Today's Top 20 Articles
  1. Most new nurses work 12-hour shifts, some have second jobs

    Newly licensed nurses are predominantly working 12-hour shifts, nearly half work overtime and more than 1 in 10 have a second job, a study published in the Journal of Advanced Nursing found.
  2. Mortality rates lower in US counties with more primary care physicians

    Mortality rates are lower in U.S. counties with more primary care physicians than in areas with fewer physicians, a study published in JAMA Internal Medicine found.
  3. Top execs of America's 5 largest commercial health plans

    Here are the leaders of the five insurers with the most members and revenue in 2018, listed alphabetically:

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  1. Epic, athenahealth lead in patient-portal satisfaction, KLAS finds

    Epic was the No. 1 EMR vendor when ranked by providers' satisfaction with patient portals, according to a KLAS Research report.
  2. Montana health system meets requirements in whistle-blower settlement

    Kalispell (Mont.) Regional Healthcare System has met deadlines for compliance program mandates as part of a $24 million whistle-blower lawsuit settlement, according to a Daily Inter Lake report.
  3. ANA on nurse's reckless homicide charge: Criminalizing medical errors may deter future reporting

    The American Nurses Association released a statement regarding a former nurse at Nashville, Tenn.-based Vanderbilt University Medical Center who is facing a reckless homicide charge over a medication error.
  4. National healthcare groups urge Congress to delay Medicaid disproportionate share hospital cuts

    The American Hospital Association, along with seven other national healthcare organizations, are calling on federal lawmakers to delay the start of the Medicaid disproportionate share hospital cuts scheduled to begin Oct. 1. 

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  1. 3 hospital revenue cycle leaders predict how price transparency will affect healthcare

    Price transparency has come to the forefront recently amid CMS' new requirement that hospitals publish their standard charges on the internet.
  2. Kansas hospital reaches out to shuttered hospital's displaced employees

    Labette Health in Parsons, Kan., held an employee fair Feb. 18 to reach staff affected by the closure of Oswego (Kan.) Community Hospital, according to
  3. Ochsner, Pfizer to test digital tools to ease patient participation in clinical trials

    New Orleans-based Ochsner Health System entered into a multiyear agreement with pharmaceutical giant Pfizer to improve patient access to clinical trials.
  4. Baptist Health Lexington develops EHR tool to avoid patient delays

    Baptist Health Lexington (Ky.) designed a tool for its Epic EHR that helps clinicians and case managers identify common delays that providers encounter when discharging patients.

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  1. Cambridge Health Alliance names CIO: 4 things to know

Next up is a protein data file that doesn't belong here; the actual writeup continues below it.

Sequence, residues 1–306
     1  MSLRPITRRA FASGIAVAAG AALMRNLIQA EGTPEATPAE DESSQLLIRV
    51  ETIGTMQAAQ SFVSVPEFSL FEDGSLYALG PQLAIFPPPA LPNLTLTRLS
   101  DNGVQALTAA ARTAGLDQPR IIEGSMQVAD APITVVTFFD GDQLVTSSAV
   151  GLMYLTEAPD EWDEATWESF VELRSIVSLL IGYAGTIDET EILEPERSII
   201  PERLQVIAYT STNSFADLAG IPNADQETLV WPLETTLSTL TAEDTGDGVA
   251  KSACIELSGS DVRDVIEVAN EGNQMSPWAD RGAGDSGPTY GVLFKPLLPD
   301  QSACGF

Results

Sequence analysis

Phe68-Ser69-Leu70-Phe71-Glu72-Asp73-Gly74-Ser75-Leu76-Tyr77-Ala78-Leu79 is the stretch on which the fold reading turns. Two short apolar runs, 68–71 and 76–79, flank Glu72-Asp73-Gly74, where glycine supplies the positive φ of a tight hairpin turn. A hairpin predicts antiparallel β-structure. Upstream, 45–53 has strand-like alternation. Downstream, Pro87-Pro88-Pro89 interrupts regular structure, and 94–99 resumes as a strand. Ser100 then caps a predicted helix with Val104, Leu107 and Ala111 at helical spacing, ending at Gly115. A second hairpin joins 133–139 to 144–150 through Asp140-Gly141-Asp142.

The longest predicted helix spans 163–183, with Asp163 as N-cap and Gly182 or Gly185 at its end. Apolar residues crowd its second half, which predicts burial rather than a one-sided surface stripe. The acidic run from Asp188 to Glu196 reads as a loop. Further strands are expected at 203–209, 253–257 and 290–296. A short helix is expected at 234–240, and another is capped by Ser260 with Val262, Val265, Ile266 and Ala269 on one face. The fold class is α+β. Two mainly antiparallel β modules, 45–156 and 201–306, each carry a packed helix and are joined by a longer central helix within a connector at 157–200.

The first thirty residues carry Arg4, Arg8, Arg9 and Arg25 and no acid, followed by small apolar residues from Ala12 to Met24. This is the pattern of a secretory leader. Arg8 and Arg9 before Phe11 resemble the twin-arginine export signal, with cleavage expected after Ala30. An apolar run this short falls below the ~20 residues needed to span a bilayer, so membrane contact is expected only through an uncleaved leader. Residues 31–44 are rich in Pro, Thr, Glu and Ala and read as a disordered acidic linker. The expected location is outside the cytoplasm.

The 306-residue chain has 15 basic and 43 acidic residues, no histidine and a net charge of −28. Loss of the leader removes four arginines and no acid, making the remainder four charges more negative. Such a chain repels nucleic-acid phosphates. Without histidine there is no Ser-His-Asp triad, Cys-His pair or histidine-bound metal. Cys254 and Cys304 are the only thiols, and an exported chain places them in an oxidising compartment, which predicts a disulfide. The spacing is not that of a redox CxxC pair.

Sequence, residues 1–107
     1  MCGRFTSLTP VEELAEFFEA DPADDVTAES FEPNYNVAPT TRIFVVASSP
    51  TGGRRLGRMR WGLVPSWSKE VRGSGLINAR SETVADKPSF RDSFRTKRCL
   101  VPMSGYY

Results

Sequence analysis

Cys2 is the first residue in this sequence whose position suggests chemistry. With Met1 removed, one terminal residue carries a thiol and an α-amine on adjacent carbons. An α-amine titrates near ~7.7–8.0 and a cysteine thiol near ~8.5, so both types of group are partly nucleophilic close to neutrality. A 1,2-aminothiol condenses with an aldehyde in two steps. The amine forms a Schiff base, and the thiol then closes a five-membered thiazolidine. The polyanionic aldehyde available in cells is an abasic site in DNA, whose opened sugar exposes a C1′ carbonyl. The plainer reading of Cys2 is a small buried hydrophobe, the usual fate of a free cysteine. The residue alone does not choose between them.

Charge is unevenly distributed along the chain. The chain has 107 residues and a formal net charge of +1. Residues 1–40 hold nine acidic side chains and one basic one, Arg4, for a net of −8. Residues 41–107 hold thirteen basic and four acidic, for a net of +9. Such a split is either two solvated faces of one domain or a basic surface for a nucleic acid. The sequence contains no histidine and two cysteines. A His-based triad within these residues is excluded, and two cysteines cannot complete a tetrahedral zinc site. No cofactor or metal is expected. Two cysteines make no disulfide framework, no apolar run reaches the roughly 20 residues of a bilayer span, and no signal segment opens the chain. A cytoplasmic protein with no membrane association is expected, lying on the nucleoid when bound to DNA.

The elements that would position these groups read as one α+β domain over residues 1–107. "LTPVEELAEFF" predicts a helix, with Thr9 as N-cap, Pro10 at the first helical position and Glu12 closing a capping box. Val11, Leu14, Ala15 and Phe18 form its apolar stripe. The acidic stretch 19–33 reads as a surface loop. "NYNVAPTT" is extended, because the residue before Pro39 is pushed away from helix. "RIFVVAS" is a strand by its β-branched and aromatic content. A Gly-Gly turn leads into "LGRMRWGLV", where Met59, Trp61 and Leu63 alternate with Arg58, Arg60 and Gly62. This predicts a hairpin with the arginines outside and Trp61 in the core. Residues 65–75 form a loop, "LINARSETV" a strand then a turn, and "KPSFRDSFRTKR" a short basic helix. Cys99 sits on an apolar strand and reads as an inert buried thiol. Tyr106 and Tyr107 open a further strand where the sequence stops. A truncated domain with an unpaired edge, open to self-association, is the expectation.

Cambridge (Mass.) Health Alliance selected Brian Herrick, MD, to serve as CIO.
  2. Piedmont Columbus Regional appoints CMO, COOs for 2 campuses

    Piedmont Columbus (Ga.) Regional selected Bill Tustin to serve as COO of its Midtown campus and Laura Drew as COO of its Northside campus, both based in Columbus. It also named Chris Edwards, MD, CMO for both campuses.
  3. 250+ telehealth companies to know | 2018

    The telehealth companies featured on this list range from video conferencing and connection to wearable data gathering and reporting technologies and platforms.
  4. What's your 3.0? Next-gen integrated health network will embrace the consumer

    Whether healthcare is your mission or your business, the game is changing. No longer will you compete for "heads in beds," "medical loss" or "medication possession ratio." Increasingly, health organizations are entering competition for the consumers' bodies, hearts and minds.
  5. Allergan adds former Celgene exec Bob Hugin to its board

    The Allergan board selected former Celgene CEO and Chairman Bob Hugin to serve on its board of directors, effective Feb. 19.
  6. More details emerge in generic drug price-fixing lawsuit

    More details have emerged from a lawsuit filed by 47 states that accuses 17 generic drugmakers of engaging in a scheme to fix prices, according to STAT, who obtained an unredacted version of the complaint.
  7. New Jersey drugmaker files for bankruptcy

    Immune Pharmaceuticals, a New Jersey-based biopharmaceutical company specializing in the development of treatments for immunologic and inflammatory diseases, filed for Chapter 11 bankruptcy Feb. 19.
  8. Washington faces critically low blood supply

    Blood supply in the state of Washington has reached a critically low level after a string of recent snowstorms, according to a KING-TV news report.
  9. Supreme Court denies Maryland's bid to revive law on price gouging

    In a setback to states working to rein in prescription drug costs, the U.S. Supreme Court rejected Maryland's bid to revive a law aimed at preventing price gouging by drugmakers, Reuters reports.

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